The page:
In the months that followed, the peace process began to pick up steam. The British government admitted it had conducted secret talks with Sinn Féin, and it was leaked in Ireland that the two governments had been working on a joint declaration plan to push progress in the North.
The American delegation needed to decide on strategy, and at a midtown meeting in a New York pizza parlor, the decision was made to pursue a visa for Gerry Adams.
It was a long shot at best. Previous applications had all been turned down. While there was significant contact with the White House, the idea of an Adams visa before an IRA ceasefire was still considered too risky for the new administration. The British Embassy was actively canvassing against any gesture towards Sinn Féin.
Bill Flynn had the perfect vehicle, however, as Chairman of the National Committee on American Foreign Policy (NCAFP). He himself had impressive credentials for hosting the event, having sponsored conflict resolution conferences on the Middle East and Ireland previously. His friendship with a clutch of Nobel Prize winners such as Elie Wiesel also gave him enormous credibility.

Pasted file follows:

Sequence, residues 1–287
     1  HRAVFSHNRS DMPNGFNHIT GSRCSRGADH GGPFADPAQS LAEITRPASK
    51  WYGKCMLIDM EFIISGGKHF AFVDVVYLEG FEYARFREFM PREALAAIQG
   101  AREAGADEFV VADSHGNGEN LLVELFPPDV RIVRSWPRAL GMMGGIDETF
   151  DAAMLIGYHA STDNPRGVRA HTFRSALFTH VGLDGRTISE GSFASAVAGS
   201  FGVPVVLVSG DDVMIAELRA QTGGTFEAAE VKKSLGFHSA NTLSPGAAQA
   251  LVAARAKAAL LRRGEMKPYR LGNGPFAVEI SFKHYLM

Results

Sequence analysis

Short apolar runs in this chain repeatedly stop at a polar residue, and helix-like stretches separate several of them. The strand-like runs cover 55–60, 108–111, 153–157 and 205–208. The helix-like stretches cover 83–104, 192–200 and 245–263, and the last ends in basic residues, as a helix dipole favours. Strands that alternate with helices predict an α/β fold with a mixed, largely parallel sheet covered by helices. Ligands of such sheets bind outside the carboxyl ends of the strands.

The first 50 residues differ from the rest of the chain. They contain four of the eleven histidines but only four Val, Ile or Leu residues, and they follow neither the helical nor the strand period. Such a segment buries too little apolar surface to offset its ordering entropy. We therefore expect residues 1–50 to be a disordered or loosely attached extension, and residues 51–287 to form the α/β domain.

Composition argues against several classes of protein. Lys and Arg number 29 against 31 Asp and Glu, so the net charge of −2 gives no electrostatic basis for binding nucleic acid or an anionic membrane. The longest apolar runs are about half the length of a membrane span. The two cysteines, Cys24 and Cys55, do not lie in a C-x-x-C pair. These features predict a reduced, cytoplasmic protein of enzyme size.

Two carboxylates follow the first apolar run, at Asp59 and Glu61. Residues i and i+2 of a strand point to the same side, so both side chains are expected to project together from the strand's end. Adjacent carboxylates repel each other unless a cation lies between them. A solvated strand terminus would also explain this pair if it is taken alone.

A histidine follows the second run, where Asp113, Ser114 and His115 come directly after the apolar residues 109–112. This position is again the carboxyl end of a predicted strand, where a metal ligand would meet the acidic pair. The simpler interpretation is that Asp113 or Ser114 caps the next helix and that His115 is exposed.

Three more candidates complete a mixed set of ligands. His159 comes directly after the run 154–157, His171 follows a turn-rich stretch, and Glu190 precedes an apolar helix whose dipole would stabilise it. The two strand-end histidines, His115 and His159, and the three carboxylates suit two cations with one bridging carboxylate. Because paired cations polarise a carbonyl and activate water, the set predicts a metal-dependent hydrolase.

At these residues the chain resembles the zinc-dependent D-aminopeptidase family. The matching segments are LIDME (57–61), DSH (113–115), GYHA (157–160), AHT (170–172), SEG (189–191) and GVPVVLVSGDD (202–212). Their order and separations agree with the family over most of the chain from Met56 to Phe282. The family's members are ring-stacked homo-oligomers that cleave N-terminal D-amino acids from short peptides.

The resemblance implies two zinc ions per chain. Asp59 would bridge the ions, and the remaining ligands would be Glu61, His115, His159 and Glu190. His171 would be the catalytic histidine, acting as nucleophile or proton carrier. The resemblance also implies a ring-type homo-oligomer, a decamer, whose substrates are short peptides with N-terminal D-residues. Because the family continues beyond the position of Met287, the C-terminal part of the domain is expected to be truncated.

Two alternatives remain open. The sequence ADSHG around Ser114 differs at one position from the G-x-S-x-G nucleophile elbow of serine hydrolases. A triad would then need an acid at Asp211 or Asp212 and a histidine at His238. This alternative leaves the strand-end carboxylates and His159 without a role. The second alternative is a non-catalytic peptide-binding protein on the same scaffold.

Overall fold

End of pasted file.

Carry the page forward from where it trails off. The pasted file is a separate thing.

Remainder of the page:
Taking the issue out of its Irish context and placing it in an international dimension was critical. Flynn put the proposal to invite all the Northern Ireland leaders, including Gerry Adams, to come to America and speak at a peace conference to the NCAFP board. Some of the members were highly dubious about inviting an “international terrorist” to speak before them. A few years earlier, Margaret Thatcher had spoken at an NCAFP event. Henry Kissinger was an honorary chairman and made clear he did not like the idea. But Flynn persevered.